Hiding her privileged background and her suffragette past, Constance Copeland signs up to be a Clippie – collecting money and giving out tickets – on the trams, despite her parents’ disapproval.
Constance, now known as Connie, soon finds there is more to life than the wealth she was born into and she soon makes fast friends with lively fellow Clippies, Betty and Jean, as well as growing closer to the charming, gentle Inspector Robert Caldwell.
But Connie is haunted by another secret; and if it comes out, it could destroy her new life.
After war ends and the men return to take back their roles, will Connie find that she can return to her previous existence? Or has she been changed forever by seeing a new world through the tram windows?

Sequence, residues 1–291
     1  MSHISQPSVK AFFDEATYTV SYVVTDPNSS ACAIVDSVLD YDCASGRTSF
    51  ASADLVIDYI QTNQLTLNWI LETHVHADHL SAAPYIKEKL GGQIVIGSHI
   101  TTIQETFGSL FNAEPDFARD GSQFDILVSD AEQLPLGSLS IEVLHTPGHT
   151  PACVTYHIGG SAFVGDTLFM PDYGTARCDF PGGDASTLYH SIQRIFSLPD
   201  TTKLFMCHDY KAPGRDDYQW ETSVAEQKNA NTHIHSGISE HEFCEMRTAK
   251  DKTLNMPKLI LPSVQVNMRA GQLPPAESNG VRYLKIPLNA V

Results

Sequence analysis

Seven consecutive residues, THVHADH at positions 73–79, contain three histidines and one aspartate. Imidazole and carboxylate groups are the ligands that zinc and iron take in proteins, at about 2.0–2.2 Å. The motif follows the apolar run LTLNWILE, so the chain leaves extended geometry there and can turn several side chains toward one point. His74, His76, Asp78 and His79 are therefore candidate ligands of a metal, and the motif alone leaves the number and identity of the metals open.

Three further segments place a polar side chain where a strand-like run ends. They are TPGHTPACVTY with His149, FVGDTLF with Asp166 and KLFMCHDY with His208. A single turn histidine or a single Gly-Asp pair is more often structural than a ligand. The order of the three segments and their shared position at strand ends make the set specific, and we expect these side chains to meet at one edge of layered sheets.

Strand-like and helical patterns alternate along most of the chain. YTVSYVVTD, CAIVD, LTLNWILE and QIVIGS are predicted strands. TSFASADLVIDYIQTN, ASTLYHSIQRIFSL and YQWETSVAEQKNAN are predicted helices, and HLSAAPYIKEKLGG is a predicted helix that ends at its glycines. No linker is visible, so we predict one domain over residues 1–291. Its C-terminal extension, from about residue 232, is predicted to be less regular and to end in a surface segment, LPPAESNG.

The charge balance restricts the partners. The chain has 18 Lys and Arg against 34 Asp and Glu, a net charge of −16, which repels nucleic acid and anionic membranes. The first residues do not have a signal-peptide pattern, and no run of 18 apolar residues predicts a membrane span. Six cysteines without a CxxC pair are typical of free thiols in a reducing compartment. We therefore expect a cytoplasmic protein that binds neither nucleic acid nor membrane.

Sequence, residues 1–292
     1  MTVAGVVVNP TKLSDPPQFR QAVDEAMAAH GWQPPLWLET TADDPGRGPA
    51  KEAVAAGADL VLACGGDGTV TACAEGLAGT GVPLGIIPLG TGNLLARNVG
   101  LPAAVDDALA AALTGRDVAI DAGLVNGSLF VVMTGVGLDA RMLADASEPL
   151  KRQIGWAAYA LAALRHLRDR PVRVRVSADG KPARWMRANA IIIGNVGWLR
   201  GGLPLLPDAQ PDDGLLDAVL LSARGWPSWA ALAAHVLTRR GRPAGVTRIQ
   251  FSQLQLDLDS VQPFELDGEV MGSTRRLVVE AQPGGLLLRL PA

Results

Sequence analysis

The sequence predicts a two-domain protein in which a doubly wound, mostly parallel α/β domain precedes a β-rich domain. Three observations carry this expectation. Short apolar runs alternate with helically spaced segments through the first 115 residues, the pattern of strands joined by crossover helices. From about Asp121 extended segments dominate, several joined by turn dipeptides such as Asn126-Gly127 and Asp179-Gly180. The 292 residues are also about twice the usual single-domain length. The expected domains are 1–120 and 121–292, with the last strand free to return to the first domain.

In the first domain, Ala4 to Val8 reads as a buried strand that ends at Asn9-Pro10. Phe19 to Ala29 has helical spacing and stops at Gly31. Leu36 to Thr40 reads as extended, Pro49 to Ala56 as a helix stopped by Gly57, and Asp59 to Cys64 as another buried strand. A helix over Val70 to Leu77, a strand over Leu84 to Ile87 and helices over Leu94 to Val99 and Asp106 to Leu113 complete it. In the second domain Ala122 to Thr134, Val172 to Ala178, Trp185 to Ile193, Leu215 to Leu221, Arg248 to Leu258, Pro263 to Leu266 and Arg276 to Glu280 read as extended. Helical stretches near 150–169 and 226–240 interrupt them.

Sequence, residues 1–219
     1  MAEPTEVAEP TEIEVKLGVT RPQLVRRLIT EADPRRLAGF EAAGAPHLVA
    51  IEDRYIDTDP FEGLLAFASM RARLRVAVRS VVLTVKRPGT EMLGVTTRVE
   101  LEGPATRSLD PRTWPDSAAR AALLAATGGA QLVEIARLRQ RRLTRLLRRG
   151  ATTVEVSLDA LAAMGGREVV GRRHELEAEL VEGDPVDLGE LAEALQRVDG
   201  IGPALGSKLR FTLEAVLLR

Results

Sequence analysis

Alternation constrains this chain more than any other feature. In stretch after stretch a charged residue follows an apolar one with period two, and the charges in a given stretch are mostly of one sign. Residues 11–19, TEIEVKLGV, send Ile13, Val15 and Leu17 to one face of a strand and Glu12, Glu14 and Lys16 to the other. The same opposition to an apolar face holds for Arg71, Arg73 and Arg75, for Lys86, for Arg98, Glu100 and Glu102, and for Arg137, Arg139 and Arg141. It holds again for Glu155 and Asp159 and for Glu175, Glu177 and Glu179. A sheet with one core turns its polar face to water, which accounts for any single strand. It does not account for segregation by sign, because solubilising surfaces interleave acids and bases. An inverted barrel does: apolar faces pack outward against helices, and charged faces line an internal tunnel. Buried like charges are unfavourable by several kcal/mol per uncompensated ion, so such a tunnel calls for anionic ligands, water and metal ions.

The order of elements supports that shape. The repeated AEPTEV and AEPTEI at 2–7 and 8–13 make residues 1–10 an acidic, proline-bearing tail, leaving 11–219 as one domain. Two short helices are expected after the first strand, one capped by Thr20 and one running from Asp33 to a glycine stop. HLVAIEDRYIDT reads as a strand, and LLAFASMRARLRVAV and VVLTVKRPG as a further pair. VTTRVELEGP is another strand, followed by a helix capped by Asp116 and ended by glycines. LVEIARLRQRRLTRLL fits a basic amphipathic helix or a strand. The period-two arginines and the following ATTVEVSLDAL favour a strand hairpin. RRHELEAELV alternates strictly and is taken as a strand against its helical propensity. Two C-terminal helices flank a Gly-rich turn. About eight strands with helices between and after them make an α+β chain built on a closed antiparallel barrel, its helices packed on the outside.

Guest Post – Lynn Johnson – Wartime with the Tram Girls
I cannot believe that, as I write this post, I have two books out in the big, wide world, a scary but happy situation to be in. Before I start, I would like to introduce to you an acquaintance of mine who would like to have a few words.
“My name is Connie. Don’t call me Constance. It is important that everyone knows me as Connie. I have a secret, you see and if it becomes known, I will most probably lose everything. Besides, I like being Connie, the Tram Girl. She is far more interesting than Constance Copeland who has little if anything to do with her life. Connie has more freedom for a start and Father has less control over me. I like it that way. The name change was partly Ginnie’s idea. You might know her as The Girl from the Workhouse. She thought that Constance sounded too posh for my plans. I thought Connie would be just about perfect. Ginnie’s younger than me but she makes an awful lot of sense sometimes.”